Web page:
But there is one area of the book in which truth and fiction merged. Charlotte, like Jane, lost her mother when she was a very young child, and spent much of her childhood, adolescence and teen years longing for a relationship she could not know. “I was seven when my mother died. Emily, my sister, was four. My mother was sick for many years. We watched her die. It took me at least four books to write that out of my system. I spent my entire adulthood longing for a mother. There were aunts, a stepmother, but it was not the same. No one could replace her. I was given a lot. I got a lot of attention, but my life has been defined by this central loneliness. My own dedication to my children comes out of this loss.”
Lazarre’s experience — as a mother who has never been a mother’s daughter — frames her life, her personality. But Lazarre is not one to get caught up in exclusively personal concerns. “At the heart of my life, at the heart of my teaching, is the idea that literary voices are inherently political. I agree with the writer, Chinua Achebe, that it is the responsibility of the artist to teach and articulate politics clearly. But I also agree with Camus that the artist must be free from ideological pressures. I try to write out of my politics. There’s a politics to motherhood that I try to write about, as Sarah Ruddick puts it, the politics of remembering.”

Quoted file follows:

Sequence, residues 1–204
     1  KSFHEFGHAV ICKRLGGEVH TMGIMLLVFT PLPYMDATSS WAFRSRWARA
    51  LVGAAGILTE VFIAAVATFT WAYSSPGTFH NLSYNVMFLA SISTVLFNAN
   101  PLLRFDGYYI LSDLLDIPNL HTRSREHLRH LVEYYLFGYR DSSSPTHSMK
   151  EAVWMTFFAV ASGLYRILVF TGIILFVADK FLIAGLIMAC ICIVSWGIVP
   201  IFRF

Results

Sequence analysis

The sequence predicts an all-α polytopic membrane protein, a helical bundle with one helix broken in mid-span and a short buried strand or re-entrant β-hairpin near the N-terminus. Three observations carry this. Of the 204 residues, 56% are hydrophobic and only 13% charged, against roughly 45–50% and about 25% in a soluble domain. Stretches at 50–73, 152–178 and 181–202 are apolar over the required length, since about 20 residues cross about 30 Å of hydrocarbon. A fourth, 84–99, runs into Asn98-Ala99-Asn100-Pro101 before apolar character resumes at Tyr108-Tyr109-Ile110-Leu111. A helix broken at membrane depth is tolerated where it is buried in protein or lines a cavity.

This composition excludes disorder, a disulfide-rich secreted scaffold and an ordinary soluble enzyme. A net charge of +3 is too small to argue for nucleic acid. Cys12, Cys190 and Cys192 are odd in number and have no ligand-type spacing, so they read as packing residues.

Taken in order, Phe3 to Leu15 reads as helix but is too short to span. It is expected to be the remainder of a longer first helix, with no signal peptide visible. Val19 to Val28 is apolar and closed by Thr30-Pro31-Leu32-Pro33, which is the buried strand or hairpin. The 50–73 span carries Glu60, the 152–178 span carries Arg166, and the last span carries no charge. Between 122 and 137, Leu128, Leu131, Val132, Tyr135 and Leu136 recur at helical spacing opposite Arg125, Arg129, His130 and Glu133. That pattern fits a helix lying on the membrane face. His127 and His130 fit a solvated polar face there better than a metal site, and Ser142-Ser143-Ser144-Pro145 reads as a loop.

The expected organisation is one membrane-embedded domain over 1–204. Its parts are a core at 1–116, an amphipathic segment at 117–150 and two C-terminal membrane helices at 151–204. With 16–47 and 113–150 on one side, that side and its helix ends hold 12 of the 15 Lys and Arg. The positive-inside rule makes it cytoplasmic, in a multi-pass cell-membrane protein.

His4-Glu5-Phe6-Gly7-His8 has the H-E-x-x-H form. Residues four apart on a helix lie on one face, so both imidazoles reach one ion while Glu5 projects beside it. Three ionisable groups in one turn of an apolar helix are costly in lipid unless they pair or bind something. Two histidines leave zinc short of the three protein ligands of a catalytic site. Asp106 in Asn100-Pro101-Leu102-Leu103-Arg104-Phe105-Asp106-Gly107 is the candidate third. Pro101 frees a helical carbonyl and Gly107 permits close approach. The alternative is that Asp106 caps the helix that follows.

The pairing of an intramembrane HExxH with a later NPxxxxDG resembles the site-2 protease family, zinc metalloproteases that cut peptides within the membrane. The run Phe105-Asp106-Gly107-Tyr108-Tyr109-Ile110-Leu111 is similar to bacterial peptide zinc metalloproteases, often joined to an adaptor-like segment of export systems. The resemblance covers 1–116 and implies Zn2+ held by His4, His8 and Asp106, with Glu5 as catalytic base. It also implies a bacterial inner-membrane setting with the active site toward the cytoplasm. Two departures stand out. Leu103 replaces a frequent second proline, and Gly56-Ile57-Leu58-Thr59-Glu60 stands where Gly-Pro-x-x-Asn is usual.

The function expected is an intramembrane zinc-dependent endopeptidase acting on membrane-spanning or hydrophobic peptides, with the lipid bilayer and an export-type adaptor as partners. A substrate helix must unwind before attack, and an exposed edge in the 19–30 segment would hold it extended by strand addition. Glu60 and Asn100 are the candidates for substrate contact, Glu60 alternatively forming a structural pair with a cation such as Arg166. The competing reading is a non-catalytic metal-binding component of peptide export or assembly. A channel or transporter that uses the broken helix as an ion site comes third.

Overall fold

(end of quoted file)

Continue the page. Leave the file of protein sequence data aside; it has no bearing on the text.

WORLDS BEYOND MY CONTROL by Jane Lazarre (E.P. Dutton, NY; $ 18.95 hardcover)
“I wanted to control the world with my words, to affect history with a sentence perfectly framed. If I wrote well enough, I thought, the world would see me, hear my meaning; my dead parents might hear me and know me perfectly at last.”
Julia, the Jewish protagonist of Worlds Beyond My Control is, like Jane Lazarre herself, a teacher, a mother and a writer. Her agony and anguish — in the face of racism, warmaking, poverty and personal frailty — forms the core of this exceptionally moving, if at times obsessive, novel.
While words are Julia’s stock-in-trade, she has for the moment, ceased to write. Troubled by the impending loss of her oldest son to a faraway college, she is slowly scrutinizing the many aspects of her life. Her marriage, her friendships, her sexual longings, her upbringing and career goals, all are studied in meticulous detail. So, too, are her dreams for the two Black sons she has nurtured into manhood.
Dual needs, dual impulses — to cling or let go, to dominate or ignore, to silence or urge boys-now-men to screams at the tops of their lungs — rage within Julia. Can she be a good mother? Can she be a devoted, loyal friend? Can she be honest with others and true to herself? Can she be politically progressive without relinquishing her toehold on comfort and security? Or must she lapse into overwhelming sadness, unable to climb the rungs of emotional self-possession and safety?
The honesty with which Lazarre grapples with these dilemmas and potential dilemmas is haunting, born of Christa Wolf’s injunction to “break the silence about difficult things.”
And this is a difficult, painful novel. While Lazarre’s language is precise and often beautiful, her angst and incessant worry make the book tough going for those of us with similar concerns. Like a spark flung into a pile of dry rubble, it is sure to ignite a range of feelings, many of them uncomfortable.
But this is also the book’s strength, for in holding a looking glass to persistent conflicts, it opens our eyes and hearts to new possibilities. In the end, there is only one rational conclusion: Should Julia triumph, we too can hope to soar. —EJB